I'm an associate editor at the website Literary Mama and as a mother myself, I'm particularly interested in how the writing life effects motherhood and vice versa. Did you write even when your children were little? Now that they are grown, do they read your writing as you're working on it or do they have to wait like the rest of us? Did you have any reservations about what you were writing because you have children? Or, conversely, do your children influence your writing?

I love this question! I actually started writing when my son, Sean, was born, almost 24 years ago. My first published story was sold before he was a year old, and my second story was published shortly after my daughter, Hannah, was born 20 years ago. This shows how unproductive I was in those years--I think it took me about a year per 1500 word story! So writing was a huge part of my role as mother. I have some great pictures of baby Hannah sitting on the kitchen table next to my old manual typewriter, munching on a manuscript. I also remember racing home to write if baby Sean fell asleep in his stroller while we were out, and getting up at the crack of dawn to write before they woke up. It’s interesting that I started At Yellow Lake when my kids were 16 and 19. I started teaching and had stopped writing for a few years, but my children (as well as my husband) were very happy with my “return” to writing. Hannah was probably the first reader of At Yellow Lake, although she hasn’t read the entire book yet, and Sean had this wonderfully calming phrase—“You’ll do it, Mum”--that kept me going when the writing was hard and the initial rejections rolled in.

What are you working on?
My latest book is still in the very early stages. It’s written, but my agent has just submitted it, so I don’t have much to say about it at this point. It’s another stand-alone YA book, set in the US, about a troubled British boy who uncovers some disturbing secrets when he’s sent away to stay with his aunt in a small Iowa town. Hope it sells!

Can you describe where you write? (The space, your routine, any nicknacks you have to have nearby, anything that makes your space unique, etc...)

You would be very disappointed in my space, Rhena! It’s just a desktop computer on a cluttered table in the corner of the dining room (which also serves as clothes drying area, cat feeding area, the place to stack old newspapers and books...) There are some pictures of the lake on the wall, though, as well as a lovely photo of my dad, who died 20 years ago, standing on a beach near my house in England. Dad’s picture may be inspiring me, but nothing else about my writing space does, except for that the fact that it is “mine”, and I’m very grateful for the time that I have to spend there.

Monday, April 2, 2012

Honeybee update.

The bees are flying. And if you look very closely at some of these pictures, you might be able to see little yellow-ish sacks of pollen on the backs of some of their hindlegs. See them? Although, that might also be sawdust, which apparently some bees were mistaking for pollen in these last weeks of winter, when it was warm enough for them to fly but hadn't been warm for long enough for the trees and flowers and plants to be producing pollen and nectar. But they're only nibbling at the pollen patty that we put in their hive, so they must be getting something from somewhere these days.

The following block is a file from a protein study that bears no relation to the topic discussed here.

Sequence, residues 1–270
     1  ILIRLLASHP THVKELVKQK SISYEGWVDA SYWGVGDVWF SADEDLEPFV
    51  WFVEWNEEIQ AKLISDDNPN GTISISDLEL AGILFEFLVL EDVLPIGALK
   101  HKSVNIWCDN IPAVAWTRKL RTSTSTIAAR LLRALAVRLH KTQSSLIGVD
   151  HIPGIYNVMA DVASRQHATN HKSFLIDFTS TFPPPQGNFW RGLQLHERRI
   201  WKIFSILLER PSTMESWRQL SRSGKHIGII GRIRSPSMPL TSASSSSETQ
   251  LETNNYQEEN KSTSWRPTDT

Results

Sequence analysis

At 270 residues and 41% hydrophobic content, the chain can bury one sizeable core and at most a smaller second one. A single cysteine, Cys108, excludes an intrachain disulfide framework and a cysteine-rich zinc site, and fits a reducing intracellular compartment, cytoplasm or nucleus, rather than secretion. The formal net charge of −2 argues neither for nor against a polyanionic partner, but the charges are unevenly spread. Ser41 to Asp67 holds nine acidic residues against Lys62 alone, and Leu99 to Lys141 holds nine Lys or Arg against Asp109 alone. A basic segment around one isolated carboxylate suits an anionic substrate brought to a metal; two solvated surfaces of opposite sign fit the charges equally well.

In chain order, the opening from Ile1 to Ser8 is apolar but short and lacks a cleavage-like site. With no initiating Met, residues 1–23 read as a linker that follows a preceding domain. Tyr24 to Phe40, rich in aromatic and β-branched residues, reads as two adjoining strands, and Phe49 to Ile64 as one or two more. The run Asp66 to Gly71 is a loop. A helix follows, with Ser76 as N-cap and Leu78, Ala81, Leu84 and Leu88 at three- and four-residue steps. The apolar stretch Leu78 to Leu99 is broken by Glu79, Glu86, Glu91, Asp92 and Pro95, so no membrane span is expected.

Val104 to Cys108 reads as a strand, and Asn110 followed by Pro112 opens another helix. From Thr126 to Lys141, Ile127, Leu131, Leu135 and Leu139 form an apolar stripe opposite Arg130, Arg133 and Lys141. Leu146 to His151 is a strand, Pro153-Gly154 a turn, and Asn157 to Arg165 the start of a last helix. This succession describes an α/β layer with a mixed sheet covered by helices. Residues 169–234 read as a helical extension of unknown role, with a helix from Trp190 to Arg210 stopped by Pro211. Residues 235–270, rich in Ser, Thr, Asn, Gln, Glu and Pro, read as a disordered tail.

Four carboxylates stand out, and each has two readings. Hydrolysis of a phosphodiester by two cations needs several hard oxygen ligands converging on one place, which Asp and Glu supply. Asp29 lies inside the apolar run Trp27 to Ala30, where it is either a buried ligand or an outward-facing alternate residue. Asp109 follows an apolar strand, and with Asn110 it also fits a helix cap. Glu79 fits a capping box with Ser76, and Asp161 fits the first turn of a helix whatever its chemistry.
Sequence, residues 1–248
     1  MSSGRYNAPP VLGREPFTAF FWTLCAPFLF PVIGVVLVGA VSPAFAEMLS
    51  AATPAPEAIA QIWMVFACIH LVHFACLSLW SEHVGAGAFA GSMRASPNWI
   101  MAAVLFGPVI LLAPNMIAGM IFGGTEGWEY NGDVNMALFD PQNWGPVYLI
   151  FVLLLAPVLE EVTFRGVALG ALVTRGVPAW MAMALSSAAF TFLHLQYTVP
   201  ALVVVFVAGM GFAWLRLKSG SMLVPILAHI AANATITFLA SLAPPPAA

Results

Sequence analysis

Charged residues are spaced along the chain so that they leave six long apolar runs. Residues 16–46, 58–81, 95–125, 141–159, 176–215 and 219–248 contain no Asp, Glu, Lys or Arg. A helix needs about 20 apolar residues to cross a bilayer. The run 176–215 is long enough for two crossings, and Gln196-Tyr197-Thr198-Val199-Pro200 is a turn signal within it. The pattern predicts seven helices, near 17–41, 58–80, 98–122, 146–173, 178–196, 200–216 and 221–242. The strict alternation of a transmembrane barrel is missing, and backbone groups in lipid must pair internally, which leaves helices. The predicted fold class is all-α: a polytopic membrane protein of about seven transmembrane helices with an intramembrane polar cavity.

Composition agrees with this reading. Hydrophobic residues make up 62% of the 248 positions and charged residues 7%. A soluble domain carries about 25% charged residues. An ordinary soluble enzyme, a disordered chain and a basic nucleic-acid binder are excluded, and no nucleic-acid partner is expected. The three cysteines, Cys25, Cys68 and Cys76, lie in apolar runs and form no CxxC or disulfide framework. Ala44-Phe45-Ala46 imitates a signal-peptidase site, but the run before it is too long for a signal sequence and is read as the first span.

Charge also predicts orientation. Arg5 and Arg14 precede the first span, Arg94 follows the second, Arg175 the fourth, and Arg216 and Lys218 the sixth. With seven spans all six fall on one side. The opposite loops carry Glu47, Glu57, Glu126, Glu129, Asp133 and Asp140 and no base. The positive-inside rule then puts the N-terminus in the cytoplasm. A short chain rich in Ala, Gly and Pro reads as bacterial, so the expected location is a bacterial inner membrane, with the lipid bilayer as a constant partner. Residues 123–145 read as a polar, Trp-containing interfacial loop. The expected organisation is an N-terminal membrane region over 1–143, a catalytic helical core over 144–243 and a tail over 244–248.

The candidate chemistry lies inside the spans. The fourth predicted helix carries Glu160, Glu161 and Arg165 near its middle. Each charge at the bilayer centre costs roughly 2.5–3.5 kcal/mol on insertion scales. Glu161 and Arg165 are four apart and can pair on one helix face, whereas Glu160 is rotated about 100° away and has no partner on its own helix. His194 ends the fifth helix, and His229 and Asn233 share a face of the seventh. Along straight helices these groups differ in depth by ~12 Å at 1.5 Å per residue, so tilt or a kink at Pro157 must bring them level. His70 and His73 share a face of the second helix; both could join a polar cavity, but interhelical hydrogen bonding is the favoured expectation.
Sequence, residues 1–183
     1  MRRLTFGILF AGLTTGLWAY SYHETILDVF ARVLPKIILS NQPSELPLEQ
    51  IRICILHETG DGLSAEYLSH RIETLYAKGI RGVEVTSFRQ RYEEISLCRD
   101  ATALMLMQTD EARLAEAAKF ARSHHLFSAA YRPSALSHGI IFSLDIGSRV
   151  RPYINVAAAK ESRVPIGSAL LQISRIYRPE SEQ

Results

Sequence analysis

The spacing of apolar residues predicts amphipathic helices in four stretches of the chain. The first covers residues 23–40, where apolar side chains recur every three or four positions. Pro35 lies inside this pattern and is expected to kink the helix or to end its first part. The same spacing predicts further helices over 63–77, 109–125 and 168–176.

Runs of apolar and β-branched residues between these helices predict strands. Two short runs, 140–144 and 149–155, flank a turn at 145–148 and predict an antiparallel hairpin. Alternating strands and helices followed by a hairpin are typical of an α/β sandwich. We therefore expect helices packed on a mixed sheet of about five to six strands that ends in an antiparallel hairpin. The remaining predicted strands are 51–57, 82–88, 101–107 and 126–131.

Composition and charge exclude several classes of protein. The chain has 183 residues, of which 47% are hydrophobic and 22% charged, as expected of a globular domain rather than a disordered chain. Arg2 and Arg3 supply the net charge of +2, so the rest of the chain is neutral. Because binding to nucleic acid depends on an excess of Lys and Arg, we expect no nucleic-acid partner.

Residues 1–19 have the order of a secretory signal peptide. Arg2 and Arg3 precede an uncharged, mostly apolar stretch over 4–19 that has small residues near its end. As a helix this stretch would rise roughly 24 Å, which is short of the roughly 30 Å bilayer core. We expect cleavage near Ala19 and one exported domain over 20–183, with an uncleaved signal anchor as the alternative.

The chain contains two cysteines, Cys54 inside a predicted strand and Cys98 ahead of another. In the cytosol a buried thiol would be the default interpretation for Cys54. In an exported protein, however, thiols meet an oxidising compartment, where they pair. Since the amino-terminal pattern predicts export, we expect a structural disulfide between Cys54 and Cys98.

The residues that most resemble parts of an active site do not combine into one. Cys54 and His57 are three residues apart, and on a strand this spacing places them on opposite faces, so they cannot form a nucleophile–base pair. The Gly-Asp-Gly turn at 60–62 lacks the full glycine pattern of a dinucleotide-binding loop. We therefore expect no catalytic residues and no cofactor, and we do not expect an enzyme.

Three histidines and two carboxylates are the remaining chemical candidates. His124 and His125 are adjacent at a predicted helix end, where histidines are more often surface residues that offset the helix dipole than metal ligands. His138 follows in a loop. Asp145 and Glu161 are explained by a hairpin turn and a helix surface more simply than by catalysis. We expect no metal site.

Little A is obsessed with the bees right now. Whenever we come and go through the backyard, she says, "Oh, bees wake up!" or "Oh, bees sleepin'" depending on whether they are out of their hive or not.

We spend what feels like hours -- but is more like minutes -- drawing bees on the blackboard and on the sidewalk.

"See?" I tell her. "The bees go to flowers and get nectar and pollen and then they take it back to their hive and they make honey!"

This gets repeated many times a day. It's sort of a "story" for her and it serves to assure me that keeping bees in the backyard is helping her learn something. Something about production? Or supply and demand? Or the natural world? Or the cycles of the seasons? Well, something more than just this:

Whenever I get close to the hives without a bee suit on -- such as when I took the pictures above -- Little A tells me "Be really careful. Stand back. Like me. Bees get in your face. Stand back. Like me. Like me!" And eventually I must respond to her commands and move to the other side of the yard with her. She hasn't yet been stung -- we don't think, anyway -- but she knows from our own warnings that we need to be cautious around the bees. Respectful.

The other evening when we were drawing the bees on the chalkboard and when I got to the end of my explanation of how they make honey, A turned to me and said, "Share?"

"Yeah," I said, half-laughing. "They sort of share with us."

"And we sort of just take it from them," I said under my breath.

It's a tricky dynamic, I suppose, and not one I'm likely to get into with a two year old. We sort of help the bees, but mostly we just contain them, and they're really industrious so they make a lot of honey -- more than they could ever eat -- and so we take the "extra." (Or we plan to -- we'll have to see how they do this year.)

But she's just two and we're talking a lot (A LOT) about sharing these days, so the lessons about symbiotic versus parasitic relationships and insect self-awareness and top-down and bottom-up power structures are going to have to wait.

In the meantime, we'll eat honey. Fingers crossed.